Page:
CHICAGO | A housing complex geared toward helping veterans at risk of becoming homeless will be built on Chicago's South Side next year, officials announced Thursday.
The Hope Manor II apartments, funded by federal, state and city grant money, will have 73 units, ranging from studio to four-bedroom apartments on the corner of South Halsted and West 60th streets. Residents will have access to services such as job training, family counseling and mental health screening. The project expands on a concept started last summer, when the original Hope Manor opened on Chicago's West Side.
The idea is to help veterans, who experience a higher rate of homelessness than other groups, stay off the streets and get their lives on track. Rates of homelessness are higher among veterans than many other groups. More than 1,100 veterans were homeless on a given day in 2012 in Illinois, or roughly 15 percent of all veterans, according to the National Alliance to End Homelessness.
The concept rings true to Steven Brooks, a U.S. Marine veteran of Desert Storm in Iraq who moved into Hope Manor last year. After he returned from war, he didn't know how to cope and said he turned to alcohol. It wasn't long before he wore out his welcome with friends and family.
Brooks was essentially homeless when he moved in and is now gearing up for a master welding course.
"It turned my life around," the 44-year-old said of Hope Manor. "I never thought I'd be going back to school."
The new facility is expected to be completed in 2014 and is paid for by a $1.9 million federal loan, $3 million tax-increment financing grant from Chicago and $190,000 grant from the Illinois Department of Commerce and Economic Opportunity.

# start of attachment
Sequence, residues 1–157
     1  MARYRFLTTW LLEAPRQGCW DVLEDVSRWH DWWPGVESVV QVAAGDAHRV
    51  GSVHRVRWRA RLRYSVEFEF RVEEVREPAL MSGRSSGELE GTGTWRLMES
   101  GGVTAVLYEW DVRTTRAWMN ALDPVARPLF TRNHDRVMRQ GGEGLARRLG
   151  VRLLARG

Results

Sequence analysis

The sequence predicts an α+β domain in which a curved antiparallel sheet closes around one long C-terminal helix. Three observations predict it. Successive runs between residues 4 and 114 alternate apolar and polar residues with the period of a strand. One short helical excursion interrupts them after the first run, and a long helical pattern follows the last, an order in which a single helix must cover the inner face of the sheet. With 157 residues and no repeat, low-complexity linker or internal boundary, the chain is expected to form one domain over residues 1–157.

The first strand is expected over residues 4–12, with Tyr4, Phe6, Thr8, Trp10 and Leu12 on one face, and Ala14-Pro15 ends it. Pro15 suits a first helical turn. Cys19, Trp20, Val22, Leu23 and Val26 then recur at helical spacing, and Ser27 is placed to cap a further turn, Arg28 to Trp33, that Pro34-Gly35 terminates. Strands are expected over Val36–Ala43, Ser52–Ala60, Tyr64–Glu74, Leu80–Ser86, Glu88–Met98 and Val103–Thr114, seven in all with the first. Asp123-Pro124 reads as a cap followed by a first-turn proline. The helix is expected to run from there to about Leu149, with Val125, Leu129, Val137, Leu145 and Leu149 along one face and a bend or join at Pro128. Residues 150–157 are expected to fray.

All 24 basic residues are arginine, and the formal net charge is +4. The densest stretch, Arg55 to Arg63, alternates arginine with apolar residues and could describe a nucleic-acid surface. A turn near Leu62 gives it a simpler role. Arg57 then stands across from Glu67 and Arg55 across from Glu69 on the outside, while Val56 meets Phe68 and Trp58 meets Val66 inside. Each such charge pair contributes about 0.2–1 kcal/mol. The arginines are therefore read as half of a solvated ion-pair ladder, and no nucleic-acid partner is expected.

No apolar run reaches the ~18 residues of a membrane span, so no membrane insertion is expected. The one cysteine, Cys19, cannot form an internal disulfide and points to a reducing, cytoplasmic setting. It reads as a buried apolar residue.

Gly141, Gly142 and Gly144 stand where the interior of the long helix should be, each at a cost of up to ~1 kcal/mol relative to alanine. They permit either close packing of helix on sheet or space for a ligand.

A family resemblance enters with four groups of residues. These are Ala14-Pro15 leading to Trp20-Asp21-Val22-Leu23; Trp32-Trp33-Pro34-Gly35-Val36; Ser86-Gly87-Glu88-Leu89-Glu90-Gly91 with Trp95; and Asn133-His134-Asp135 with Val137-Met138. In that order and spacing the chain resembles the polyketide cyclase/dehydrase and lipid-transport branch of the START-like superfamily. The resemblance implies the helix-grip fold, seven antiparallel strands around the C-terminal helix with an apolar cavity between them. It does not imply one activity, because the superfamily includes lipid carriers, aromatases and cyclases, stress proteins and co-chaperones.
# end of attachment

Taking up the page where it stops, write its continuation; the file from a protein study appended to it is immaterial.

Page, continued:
Officials with Volunteers of America, which developed the idea, said that they want the complex to also focus on veterans who are younger, female or have families.
"The sacrifices our veterans make matter," said Nancy Hughes Moyer, the president and CEO of Volunteers of America of Illinois.
To qualify for residence at the complex, residents must be at or below 60 percent of the area median income, or about $35,340 for a two-person household.
City and state officials, including Gov. Pat Quinn, broke ground on the complex Thursday. The site is currently empty lots off a busy street in the city's Englewood neighborhood.
Volunteers of America and the Chicago Housing Authority said the location of the project was key.
Charles Woodyard, CEO of the Chicago Housing Authority, envisions it as a "catalyst" for Englewood, which has some of the city's highest poverty and crime rates. Backers of the project envision it spurring other development in the area, which is near Kennedy-King College, a City College of Chicago campus.
"It's a neighborhood that deserved a turnaround," he said.
The campus will also feature a business center, a 21,000-square foot park and playground.